By Ellen Knickmeyer

The Associated Press

But on the East Coast, the water’s warming, fast

FRIENDSHIP, Maine — Imagine Cape Cod without cod. Maine without lobster. The region’s famous rocky beaches invisible, obscured by constant high waters. It’s already starting to happen. The culprit is the warming seas — and in particular the Gulf of Maine, whose waters are heating up faster than 99 percent of the world’s oceans, scientists say.

Long-established species of commercial fish, like cod, herring and northern shrimp, are departing for colder waters. Black sea bass, blue crabs and new species of squid — all highly unusual for the gulf — are turning up in fishermen’s nets.

The Gulf of Maine’s warming reflects broader trends around the North Atlantic. But the statistic — accepted by scientists at the National Oceanic and Atmospheric Administration — underscores particular fears about the Gulf’s unique ecosystem and the lucrative fishing industries it supports for three U.S. states and two Canadian provinces.

“These changes are very real, and we’re seeing them happen quickly,” said Malin Pinsky, a biology professor at New Jersey’s Rutgers University who studies ocean temperature change and was not involved in the research that resulted in the 99 percent statistic.

— The Associated Press

SAN FRANCISCO — Twenty-one species of fish made the leap this week off a watch list of seafood to avoid as unsustainably overfished, leaving conservationists and many fishermen and chefs celebrating the turnaround of a West Coast fishing ground declared an economic disaster area by the federal government just 14 years ago.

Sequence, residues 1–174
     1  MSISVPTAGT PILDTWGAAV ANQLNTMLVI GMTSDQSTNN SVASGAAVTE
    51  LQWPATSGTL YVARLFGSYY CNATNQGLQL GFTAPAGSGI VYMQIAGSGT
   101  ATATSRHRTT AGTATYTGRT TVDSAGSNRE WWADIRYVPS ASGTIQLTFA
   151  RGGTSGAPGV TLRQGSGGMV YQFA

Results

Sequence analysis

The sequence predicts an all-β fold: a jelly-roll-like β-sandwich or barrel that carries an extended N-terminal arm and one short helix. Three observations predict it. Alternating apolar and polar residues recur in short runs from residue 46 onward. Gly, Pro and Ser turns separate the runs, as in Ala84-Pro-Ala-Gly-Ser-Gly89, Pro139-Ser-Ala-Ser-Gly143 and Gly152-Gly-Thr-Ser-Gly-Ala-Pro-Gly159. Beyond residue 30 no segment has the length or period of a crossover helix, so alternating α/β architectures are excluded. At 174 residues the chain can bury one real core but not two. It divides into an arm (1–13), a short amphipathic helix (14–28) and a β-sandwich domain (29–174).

The Monterey Bay Aquarium upgraded the 21 species of West Coast bottom-dwelling fish known as ground fish — including rockfish, sablefish and other workhorses of the white-fish seafood fillet market — from its “avoid” category on the Seafood Watch list, meaning the food industry and consumers now should feel free to sell and eat those fish without guilt.

The declaration marks a rebound from 2000, when commercial overfishing of ground fish off California, Oregon and Washington had depleted those and other species so badly as to earn a government designation of an economic disaster.

The related federal cut in the allowable catch of ground fish off the West Coast “was devastating to a lot of the fishing families, but it was so overfished,” recalled Cindy Walter, the daughter of a professional fisherman and co-owner now of a California restaurant specializing in sustainable fish.

At the time, Walter assumed the ground-fish fishing ground “was going to be closed for a very, very long time, like most of my life,” Walter said. The fact it reopened after only 14 years “is a great thing because it really shows when you have the fishermen and the (nongovernmental organizations) and the government working … they can turn around a fishery.”

Key actions that helped the West Coast ground-fish rebound include greatly increased government monitoring and control of fishing boats’ take, assigning fishing quotas to individual fishermen rather than to types of fish, and closing off some areas of the ocean to safeguard vulnerable habitat, those involved said.

In the early 1990s, 500 commercial fishing boats plied the ground-fish fishery off the West Coast, said Brad Pettinger, a trawl fisherman and executive director of Oregon’s state commission for trawl-fishing. Fellow fishermen helped buy out many of those 500 to help bring down the total to 100 fishing boats today, Pettinger said.

“You want to match up the available fish with the right number” of fishermen, Pettinger said.

Ground fish account for more than 10 percent of fish caught in the United States, said Jennifer Kemmerly, director of the Seafood Watch program. Unlike many other types of fish, most U.S. ground fish are consumed in the country rather than shipped overseas.

The Monterey Bay Aquarium has managed the Seafood Watch list since 1999 to encourage the food industry and consumers to avoid types of fish that are being harvested in unsustainable numbers.

Conservation groups say over 85 percent of the world’s fisheries are being fished more heavily than breeding populations can sustain. Fish of greatest concern for overfishing now include orange roughy and sharks, Kemmerly said.